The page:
Guy Van Duser & Billy Novick
Time & Location
About the Event
PRE-CONCERT Q&A WITH THE ARTISTS
Q: Will you please describe your creative process as you write for documentaries and/or films?
Billy: Sometimes it’s less creative and more technical. I have to write something that supports the scene I’m writing for, so part of the creativity is eliminating things that are extraneous to the scene. I have to focus on exactly what’s necessary. There are stylistic considerations: what kind of film it is, where it takes place (indoors or outdoors) -- different sorts of settings need different kinds of music. The creative part for me is actually sort of minimal, mostly serving the overall purpose of the film.
Guy: It has a lot to do with timing, too. Very frequently I find they need something that’s 14 seconds long. Somehow I need to say what needs to be said and make it effective in that amount of time, and then I’ll find out later on that I was working to the rough cut of the film and that time is really only 9 seconds long. So, what I did has to be chopped up some more and still make some sense; have it convey some sort of feeling that goes with the film. The whole thing is the picture. It’s a very difficult question to answer in mid-air. If you showed me a scene or a picture of something, I might immediately start to get ideas about how I feel about what is going on. Billy and I both play multiple instruments, (Billy - clarinet, flute, sax; Guy-guitar, mandolin, anything with strings on it), so all sorts of possible considerations come in. I might also deal with an excellent film maker who doesn’t happen to be a musician, so the language I can use between the two of us may become limited or may have to be done entirely in terms of metaphors and feelings. I will get a sense of the emotion they would like the viewer to experience while they’re listening.
Q: How many people understand you and all the work you put into your art (this can include family, friends, colleagues, critics, interviewers, collaborators, colliders)?
Billy: I’d say very few, because I do so many different kinds of things. People in any one sort of genre that I do will know that I do that; they will know I do a couple of other things aside from that. I don’t know if Guy knows everything I do! Lately I’ve been recording with an Irish punk band. No one would necessarily make that association – it’s a pretty wide range of things.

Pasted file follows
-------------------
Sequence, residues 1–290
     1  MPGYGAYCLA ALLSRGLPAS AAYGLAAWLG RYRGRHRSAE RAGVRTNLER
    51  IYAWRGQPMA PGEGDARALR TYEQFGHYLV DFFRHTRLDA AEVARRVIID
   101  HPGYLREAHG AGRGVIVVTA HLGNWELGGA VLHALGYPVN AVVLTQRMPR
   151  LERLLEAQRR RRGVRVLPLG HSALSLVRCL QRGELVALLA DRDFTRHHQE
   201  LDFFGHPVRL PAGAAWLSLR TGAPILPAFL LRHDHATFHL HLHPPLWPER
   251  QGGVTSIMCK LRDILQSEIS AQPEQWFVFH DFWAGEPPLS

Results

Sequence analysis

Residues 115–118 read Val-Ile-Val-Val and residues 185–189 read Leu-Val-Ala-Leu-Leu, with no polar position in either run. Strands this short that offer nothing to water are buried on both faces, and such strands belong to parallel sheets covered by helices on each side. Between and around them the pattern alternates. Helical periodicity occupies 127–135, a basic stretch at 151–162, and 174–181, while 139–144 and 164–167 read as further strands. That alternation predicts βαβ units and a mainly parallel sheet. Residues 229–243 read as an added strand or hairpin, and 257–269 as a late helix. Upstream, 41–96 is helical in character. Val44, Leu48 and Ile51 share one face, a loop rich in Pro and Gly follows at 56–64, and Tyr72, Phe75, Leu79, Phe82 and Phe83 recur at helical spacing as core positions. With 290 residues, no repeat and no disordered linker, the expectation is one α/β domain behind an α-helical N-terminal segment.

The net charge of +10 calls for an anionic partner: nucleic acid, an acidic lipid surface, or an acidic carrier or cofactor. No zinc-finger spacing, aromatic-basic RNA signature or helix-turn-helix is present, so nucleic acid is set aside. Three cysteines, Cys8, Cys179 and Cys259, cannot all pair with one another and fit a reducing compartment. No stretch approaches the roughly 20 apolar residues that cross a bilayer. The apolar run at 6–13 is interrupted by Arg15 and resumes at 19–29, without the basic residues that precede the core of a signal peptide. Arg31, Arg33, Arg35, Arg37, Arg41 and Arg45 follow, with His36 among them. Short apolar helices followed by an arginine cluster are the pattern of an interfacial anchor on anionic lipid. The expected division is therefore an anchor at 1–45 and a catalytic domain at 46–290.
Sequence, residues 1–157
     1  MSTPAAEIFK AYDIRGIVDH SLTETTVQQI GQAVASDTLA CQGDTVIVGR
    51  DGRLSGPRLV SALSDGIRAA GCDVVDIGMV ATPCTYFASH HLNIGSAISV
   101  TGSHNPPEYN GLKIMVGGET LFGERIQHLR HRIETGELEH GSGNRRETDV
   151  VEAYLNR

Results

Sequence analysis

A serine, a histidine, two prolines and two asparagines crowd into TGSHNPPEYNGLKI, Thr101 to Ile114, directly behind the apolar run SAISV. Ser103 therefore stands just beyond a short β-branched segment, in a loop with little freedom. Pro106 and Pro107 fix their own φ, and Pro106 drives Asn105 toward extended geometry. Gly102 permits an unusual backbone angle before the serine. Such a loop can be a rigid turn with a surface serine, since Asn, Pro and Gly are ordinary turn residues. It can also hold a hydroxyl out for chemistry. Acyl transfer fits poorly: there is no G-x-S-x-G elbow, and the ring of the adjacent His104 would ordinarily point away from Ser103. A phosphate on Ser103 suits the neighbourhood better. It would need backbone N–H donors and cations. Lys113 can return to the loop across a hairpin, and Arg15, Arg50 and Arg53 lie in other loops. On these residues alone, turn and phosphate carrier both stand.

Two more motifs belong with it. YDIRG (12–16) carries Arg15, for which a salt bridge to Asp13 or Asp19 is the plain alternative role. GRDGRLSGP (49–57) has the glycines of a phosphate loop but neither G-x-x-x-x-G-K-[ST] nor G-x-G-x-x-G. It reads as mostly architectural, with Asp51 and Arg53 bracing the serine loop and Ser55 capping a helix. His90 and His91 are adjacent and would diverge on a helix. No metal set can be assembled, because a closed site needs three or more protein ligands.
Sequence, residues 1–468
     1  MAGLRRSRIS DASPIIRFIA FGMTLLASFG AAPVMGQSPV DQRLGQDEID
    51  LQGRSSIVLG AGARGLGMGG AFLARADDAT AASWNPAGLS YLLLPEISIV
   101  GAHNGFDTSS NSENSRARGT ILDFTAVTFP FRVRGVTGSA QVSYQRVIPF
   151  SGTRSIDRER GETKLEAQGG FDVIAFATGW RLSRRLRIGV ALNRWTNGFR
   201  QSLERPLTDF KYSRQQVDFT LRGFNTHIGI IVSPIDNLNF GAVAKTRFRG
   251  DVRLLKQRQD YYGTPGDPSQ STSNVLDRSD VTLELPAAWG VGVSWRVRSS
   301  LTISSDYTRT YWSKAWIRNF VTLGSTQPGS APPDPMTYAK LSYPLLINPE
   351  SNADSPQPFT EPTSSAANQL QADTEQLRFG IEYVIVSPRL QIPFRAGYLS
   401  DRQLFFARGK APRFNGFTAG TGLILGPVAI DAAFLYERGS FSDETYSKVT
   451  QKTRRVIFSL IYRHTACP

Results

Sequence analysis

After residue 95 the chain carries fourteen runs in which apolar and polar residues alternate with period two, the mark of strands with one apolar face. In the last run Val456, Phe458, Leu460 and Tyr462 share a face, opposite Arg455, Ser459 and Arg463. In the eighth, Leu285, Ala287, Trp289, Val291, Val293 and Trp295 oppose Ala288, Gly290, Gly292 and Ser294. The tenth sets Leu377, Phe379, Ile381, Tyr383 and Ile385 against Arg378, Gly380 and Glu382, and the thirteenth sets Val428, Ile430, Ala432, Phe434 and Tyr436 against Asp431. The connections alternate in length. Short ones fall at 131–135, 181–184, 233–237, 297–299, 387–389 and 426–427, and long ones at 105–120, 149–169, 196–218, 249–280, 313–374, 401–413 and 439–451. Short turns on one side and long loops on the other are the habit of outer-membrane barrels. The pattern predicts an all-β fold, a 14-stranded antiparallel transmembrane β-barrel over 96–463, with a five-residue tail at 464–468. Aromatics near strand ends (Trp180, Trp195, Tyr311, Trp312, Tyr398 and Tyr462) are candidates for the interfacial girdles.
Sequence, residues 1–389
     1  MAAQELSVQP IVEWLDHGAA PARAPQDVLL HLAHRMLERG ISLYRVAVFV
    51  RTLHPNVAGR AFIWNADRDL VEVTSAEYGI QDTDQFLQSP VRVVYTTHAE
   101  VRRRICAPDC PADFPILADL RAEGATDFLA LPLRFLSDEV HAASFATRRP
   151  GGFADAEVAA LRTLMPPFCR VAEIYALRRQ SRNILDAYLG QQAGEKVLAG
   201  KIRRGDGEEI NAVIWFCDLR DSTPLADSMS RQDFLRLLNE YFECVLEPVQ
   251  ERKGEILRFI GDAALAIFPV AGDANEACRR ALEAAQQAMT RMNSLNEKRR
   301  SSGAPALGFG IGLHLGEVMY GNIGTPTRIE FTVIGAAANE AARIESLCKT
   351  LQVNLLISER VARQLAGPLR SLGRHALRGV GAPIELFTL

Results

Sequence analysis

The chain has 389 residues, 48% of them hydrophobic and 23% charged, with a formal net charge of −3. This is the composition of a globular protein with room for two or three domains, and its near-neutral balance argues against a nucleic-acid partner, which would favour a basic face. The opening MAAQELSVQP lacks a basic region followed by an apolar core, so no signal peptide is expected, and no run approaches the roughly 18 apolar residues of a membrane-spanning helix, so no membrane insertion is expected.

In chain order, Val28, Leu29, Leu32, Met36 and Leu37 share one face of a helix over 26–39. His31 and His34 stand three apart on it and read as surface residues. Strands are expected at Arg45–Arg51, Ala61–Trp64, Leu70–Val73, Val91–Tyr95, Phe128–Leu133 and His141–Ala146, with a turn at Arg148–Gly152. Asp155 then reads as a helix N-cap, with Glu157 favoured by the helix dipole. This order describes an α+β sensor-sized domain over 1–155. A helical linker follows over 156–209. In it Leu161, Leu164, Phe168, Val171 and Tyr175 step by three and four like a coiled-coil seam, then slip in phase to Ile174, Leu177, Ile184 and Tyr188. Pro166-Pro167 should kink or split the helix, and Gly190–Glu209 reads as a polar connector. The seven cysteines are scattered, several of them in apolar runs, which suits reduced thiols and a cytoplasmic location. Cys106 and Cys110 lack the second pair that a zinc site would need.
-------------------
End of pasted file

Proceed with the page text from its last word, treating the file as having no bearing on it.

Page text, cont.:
Guy: I guess the same would be true for me. Also, when people watch or listen to us play, they may say, “Oh, you guys have so much talent.” Hopefully, we make our playing look easy enough so they don’t say, “Oh, my gosh, how much work they must have to put into that.” We’d like it to feel more spontaneous and conversational, but the truth is that playing the guitar for me has been a project of more than 50 years to get to where I can speak that language as well as I do.
Q: How have the best tunes you’ve been performing revealed themselves and the minds of the composers and arrangers after performing them for all these years?
Billy: So many things that we play are really attached to a genre as opposed to a specific composer. For me it’s more like the spirit of the era in which the music was written. A lot of things we take from one genre and put into another, largely because of Guy’s guitar. Gershwin’s music speaks to us as a duo – almost like it’s like the thing we are most suited to play, because it has a certain kind of elegance and depth as we’re experiencing his harmonic sense and lyricism. There’s something so special about him. His sense of evolution is so much strong than other composers (who I also love).
Guy: Knowing something about the composer – not just who they were, but what their situation might have been – has an impact. (If it was written for a Broadway show, it may have been edited once it was incorporated onstage in context, etc.) It really depends on what the music was for, and what it’s being designed to do. I think of Harold Arlen, who wrote most of The Wizard of Oz on a golf course, I’m told. That was just what he would do creatively to let his mind go. At the end of the day he would write down any ideas he had that day, and that eventually turned into “Ding Dong, the Witch Is Dead” and all these other things. How can you make a connection between the creative impulses in a situation like that? It’s just what it is…and some days you just can’t write a song.
Q: When you play together do you plan ahead of time how you are going to play, or are you spontaneous?
Billy: Rarely do we plan a set beforehand. We have certain things in each song that are sort of arranged and other things are improvised – about 50-50. Sometimes we plan the first and last song, and the rest of the set is based on the mood we feel in the room, with the audience.
Guy: Billy is often choosing a song as we’re finishing one and the audience is applauding. I keep my eyes on him and he whispers to me, “How about this?” We play it as pitcher and catcher. He’ll call a song quietly enough for me to hear it, and I’ll shake him off to say, “No, I don’t want to do that one right now,” then he’ll call another one. When we get into a song, we have structural meeting points. We know how many times we’ll play through it, but that’s about all that’s planned. That comes from playing together for 45 years. We have an awareness of what the other knows about that song from having played it so many times.
Q: What part of parts of the traditions of performing Dixieland music are the hardest traditions to hold onto – to keep them from evaporating in your lifetimes?
Billy: The ensemble playing – how the frontline and other rhythm instruments change relative to one another. That is such a big part of the music. The interplay between instruments is so exciting. Much of jazz today highlights individuals in solo slots, so this New Orleans’ style ensemble playing is just dying out. There is a bit of revival with this style, but it’s the hardest thing to keep strong.
Q: When are you going to create an album of your own compositions?